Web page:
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As Midterms Loom, Take the Long Road Home

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Developing a long-term financial plan is more than just about managing money -- it's a blueprint for defining a family's values and mapping out a sensible lifestyle. Without such a barometer, behavioral scientists warn that investors are prone to 'shooting from the hip' as markets toss-and-turn.

With political debate heating up regarding this year's midterm elections, a well-conceived investment plan can prove especially valuable. After all, this election cycle is bringing pundits out of the woodwork. Investors are being inundated with a cavalcade of fear-mongering and market-timing advice. And it's coming from all directions, including journalists at established publications like the Wall Street Journal, Financial Times, Barron's and MarketWatch.

Before voters go to the polls on Nov. 6, it's probably safe to expect more screaming headlines. Based on what we've seen in the past, many will proclaim this election as a final pitchfork in the stock market's upward advance. Others will caution of impending doom and gloom across a range of different types of assets and global markets.

Given such a media onslaught, it's natural for some investors to feel a little vulnerable, particularly for those who haven't talked to an IFA advisor about charting their financial futures through a complimentary and comprehensive financial plan. In times like these, we like to remind our clients that market upheavals, whether fueled by political or macroeconomic uncertainties, aren't isolated events. 

(Indeed, just this spring -- when global trade tensions and partisan politics were dominating financial news reports -- we offered an evidence-based video looking at what's happened in the past when investors didn't follow an all-weather investment plan.)

Instead of listening to the roar of the crowd, we urge investors to study an abundance of peer-reviewed academic research from Nobel Laureates like Eugene Fama and Harry Markowitz. This wealth of evidence shows that making knee-jerk reactions during bouts of market volatility isn't a productive strategy. In order to avoid market whiplashes, we've found the best remedy is to develop a long-range passive investment plan, then stick to it.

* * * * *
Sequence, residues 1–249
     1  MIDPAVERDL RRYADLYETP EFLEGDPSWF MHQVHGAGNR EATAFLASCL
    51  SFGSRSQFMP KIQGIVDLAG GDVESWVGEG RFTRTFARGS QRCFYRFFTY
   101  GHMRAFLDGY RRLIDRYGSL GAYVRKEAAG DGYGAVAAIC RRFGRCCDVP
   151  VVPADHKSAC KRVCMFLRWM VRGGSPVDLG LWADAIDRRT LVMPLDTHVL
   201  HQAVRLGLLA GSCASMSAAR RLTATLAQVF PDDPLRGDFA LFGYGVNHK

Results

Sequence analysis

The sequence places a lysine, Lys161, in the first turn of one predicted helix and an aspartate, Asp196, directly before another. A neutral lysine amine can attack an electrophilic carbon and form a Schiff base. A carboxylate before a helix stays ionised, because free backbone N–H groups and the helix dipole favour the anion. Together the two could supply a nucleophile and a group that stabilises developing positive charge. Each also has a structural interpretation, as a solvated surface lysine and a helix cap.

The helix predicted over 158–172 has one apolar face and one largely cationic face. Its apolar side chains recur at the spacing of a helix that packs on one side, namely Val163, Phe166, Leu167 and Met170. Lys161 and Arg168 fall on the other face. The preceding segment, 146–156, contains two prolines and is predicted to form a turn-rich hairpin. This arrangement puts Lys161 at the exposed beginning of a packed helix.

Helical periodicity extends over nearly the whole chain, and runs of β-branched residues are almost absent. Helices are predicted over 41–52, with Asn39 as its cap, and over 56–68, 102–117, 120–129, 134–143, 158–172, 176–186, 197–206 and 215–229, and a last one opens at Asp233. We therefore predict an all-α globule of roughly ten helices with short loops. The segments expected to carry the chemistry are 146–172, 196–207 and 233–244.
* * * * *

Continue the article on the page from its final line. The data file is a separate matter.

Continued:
With a new election cycle stroking fears of a correction in stocks, IFA's advisors thought it'd be worthwhile to take a look at historic returns during periods of acute market stress. For such a review, we turned to research by Dimensional Fund Advisors. (See chart above.) This study uses a statistically significant data set (nearly 90 years) and focuses on return patterns across global stock markets. It also remains neutral to circumstance, which in effect gives less cover to doomsayers who raise red flags about isolated events over relatively short timeframes. 

Between 1926 and June 2015, DFA's analysts find that large-cap stock prices dropped into correction territory (10% or more) on 28 different occasions. But so-called head fakes, when blue chips in the S&P 500 fell by 5% or less, were even more abundant -- 262 separate events. The same patterns of numerous stock dips, both big and small, were documented across international large caps and emerging markets.

Even though such research shows that recent market volatility isn't an anomaly, many investors will no doubt keep viewing price movements as unique and isolated events. In such a vacuum, any sense of fear and loathing about upcoming election cycles can obfuscate the notion of market-timing and make it seem like a fairly seductive proposition.

"But successful market-timing is a two-step process: determining when to sell stocks and when to buy them back," notes DFA's analysts in reviewing long-term portfolio churning data.

Gambling that luck will strike twice hasn't been a very smart bet, these researchers suggest. They conclude that no matter whether stocks advanced or declined by 10% or more over this lengthy period, prices always reflect: "the collective assessment of the future by millions of market participants" and "the expectation that equities in both the U.S. and markets around the world have positive expected returns."

Mark Hebner, IFA's president and founder, has recently put together a piece examining the fundamental mechanics of price discovery. ("The Hebner Model: A Framework for How Markets Work.")

In this article, he points out that Nobel Laureate Fama says that at any point in time "prices reflect all available information so that … it is basically impossible to beat the market … because investors are always paying fair prices."

Hebner adds: "So the task of investors is simplified -- they just have to decide how much risk they want to take to get more or less expected return."

The foundation of any holistic financial planning process, of course, is an in-depth assessment of each passive investor's need -- or, lack thereof -- to expose a portfolio to differing levels of market volatility.

As a result, our advice is to focus on understanding your capacity to handle market risk. Along those lines, we've developed a Risk Capacity Survey. This online tool is based on advances in behavioral finance and portfolio optimization techniques. Its aim is to help investors quantify risk-and-return parameters in their own terms, a critical step in evolving from a reactionary trader to a thoughtful and patient index investor.